Update: Sadly, the Schwab Invest First card is no longer available.
You’ve probably heard about the Schwab Invest First credit card already. You know, the one that offers 2% cashback on all purchases? It’s been available for roughly a year now, but Schwab has stopped actively promoting it. A working application link is difficult to find, but try this one below: Continue reading
Chase is promoting their new Sapphire credit card by offering a sign-up bonus for it. The card comes in both a free version and an annual fee version, with a $100 and a $150 sign-up bonus respectively.
Unfortunately, it doesn’t look like you can get both bonuses because the offer is only good for first-time cardholders who do not already have existing accounts. You can convert an existing Chase card to Sapphire, but don’t count on getting a bonus that way.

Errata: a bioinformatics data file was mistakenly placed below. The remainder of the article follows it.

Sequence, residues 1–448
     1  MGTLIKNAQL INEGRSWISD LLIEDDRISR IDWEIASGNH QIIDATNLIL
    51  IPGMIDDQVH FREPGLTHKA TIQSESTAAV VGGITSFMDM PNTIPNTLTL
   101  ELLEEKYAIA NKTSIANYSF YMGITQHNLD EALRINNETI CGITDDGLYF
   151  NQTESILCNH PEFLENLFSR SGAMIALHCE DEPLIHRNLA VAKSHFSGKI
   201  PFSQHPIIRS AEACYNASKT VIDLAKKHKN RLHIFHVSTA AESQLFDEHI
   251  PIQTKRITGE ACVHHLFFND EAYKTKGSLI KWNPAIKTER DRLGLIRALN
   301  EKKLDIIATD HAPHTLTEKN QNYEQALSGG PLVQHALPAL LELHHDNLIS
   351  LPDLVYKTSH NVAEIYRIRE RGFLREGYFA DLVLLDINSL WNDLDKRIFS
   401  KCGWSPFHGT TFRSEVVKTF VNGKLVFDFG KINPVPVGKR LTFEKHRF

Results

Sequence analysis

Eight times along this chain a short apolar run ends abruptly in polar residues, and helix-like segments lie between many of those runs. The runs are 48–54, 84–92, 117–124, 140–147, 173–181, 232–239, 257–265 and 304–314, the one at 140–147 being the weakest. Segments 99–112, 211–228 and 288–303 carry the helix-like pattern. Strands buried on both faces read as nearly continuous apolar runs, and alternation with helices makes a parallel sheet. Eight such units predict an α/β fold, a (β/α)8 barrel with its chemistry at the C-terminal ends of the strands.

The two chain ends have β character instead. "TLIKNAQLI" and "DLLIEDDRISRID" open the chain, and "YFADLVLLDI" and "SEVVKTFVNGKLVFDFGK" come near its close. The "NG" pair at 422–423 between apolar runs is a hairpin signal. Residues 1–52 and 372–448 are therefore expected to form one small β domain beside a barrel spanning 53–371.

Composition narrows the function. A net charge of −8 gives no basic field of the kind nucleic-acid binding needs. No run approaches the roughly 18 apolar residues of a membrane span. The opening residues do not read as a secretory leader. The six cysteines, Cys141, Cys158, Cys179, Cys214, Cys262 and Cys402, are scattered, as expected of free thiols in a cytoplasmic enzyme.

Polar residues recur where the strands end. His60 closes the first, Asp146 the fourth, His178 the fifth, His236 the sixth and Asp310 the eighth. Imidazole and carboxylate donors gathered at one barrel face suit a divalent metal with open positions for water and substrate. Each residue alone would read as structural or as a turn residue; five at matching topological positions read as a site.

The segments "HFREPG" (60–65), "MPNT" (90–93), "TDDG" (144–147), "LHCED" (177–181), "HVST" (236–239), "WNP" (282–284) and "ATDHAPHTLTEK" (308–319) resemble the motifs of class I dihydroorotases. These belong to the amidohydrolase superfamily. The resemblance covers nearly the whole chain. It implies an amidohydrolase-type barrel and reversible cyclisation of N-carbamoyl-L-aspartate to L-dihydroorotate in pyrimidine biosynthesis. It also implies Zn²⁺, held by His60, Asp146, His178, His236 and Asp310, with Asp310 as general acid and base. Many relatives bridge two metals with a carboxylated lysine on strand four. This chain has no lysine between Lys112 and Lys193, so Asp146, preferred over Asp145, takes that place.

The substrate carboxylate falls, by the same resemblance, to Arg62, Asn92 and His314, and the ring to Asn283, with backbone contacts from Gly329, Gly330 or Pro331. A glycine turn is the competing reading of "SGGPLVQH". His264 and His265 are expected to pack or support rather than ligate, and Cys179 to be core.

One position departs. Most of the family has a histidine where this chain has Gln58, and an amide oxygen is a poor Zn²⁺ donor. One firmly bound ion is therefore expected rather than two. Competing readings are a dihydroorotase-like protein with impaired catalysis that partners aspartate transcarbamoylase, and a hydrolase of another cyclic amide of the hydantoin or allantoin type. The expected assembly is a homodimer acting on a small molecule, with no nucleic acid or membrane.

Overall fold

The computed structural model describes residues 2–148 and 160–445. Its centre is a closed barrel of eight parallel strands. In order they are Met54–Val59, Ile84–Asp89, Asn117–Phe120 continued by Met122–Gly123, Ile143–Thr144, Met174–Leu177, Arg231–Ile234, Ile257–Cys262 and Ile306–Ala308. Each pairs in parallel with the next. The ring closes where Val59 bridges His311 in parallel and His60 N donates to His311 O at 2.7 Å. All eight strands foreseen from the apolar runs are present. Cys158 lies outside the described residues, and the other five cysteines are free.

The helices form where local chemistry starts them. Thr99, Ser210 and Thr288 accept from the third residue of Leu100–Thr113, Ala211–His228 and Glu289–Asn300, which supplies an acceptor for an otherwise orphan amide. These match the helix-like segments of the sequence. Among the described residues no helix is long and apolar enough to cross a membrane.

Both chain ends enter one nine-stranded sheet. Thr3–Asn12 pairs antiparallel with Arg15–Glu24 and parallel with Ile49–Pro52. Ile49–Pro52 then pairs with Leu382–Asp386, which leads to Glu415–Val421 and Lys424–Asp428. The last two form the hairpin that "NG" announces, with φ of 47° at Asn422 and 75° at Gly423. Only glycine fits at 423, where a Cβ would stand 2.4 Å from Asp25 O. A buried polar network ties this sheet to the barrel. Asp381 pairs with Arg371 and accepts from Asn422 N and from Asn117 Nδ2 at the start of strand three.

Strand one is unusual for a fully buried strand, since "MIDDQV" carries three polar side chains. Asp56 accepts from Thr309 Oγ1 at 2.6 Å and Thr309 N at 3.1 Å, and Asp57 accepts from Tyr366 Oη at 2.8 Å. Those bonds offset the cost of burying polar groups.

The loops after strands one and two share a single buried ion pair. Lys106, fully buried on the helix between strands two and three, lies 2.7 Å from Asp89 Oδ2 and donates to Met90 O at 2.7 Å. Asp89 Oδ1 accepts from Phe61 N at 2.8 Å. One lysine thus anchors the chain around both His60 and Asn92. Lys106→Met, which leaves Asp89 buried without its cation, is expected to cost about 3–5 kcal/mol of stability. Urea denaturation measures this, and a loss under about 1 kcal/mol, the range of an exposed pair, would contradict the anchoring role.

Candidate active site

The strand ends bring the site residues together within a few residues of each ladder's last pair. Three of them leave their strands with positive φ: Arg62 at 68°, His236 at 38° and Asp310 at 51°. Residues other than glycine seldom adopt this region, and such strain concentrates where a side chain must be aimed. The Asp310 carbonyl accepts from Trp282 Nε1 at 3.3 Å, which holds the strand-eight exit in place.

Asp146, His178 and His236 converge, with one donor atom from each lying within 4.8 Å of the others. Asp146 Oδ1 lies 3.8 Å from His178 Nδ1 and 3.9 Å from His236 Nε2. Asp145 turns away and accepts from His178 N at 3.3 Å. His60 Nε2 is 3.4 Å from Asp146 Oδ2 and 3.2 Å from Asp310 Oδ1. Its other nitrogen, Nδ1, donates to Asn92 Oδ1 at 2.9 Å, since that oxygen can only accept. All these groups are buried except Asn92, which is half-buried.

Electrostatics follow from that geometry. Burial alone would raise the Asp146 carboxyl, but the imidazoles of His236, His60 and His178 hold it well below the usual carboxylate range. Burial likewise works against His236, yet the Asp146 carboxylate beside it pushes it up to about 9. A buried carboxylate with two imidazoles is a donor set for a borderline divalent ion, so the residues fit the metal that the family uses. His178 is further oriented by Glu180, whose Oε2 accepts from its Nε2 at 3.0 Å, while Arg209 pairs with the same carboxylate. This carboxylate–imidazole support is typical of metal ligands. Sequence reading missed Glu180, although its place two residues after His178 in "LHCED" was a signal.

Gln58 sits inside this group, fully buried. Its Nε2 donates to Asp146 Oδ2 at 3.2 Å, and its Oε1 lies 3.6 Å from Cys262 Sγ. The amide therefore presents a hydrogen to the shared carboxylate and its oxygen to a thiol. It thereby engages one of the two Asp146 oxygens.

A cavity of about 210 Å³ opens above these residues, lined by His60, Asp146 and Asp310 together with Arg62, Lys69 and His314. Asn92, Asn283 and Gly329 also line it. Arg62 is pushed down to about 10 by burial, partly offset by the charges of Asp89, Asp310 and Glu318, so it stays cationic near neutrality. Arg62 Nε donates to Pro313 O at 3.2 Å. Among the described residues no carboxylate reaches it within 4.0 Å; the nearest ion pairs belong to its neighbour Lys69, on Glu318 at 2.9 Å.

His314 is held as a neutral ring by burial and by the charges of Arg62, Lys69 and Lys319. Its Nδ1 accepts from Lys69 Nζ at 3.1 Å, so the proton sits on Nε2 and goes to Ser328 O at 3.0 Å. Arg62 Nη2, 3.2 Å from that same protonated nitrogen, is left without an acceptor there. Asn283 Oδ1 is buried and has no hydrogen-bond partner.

Free Version – $100 Bonus
Chase Sapphire – Regular
Getting a $100 bonus with this card is easy-peasy. Once you’re approved, all you have to do is make a single purchase of any amount and pay it off. Six-to-eight weeks later, you should receive 10,000 bonus points, which you can redeem for a $100 check, a gift card, or a credit toward a travel purchase.
After that, feel free to throw the card in the sock drawer where it belongs since there are much better cards out there. There’s no annual fee, unlike the Preferred version.
Here’s a screenshot of the offer for the sake of preservation. Click the image to enlarge.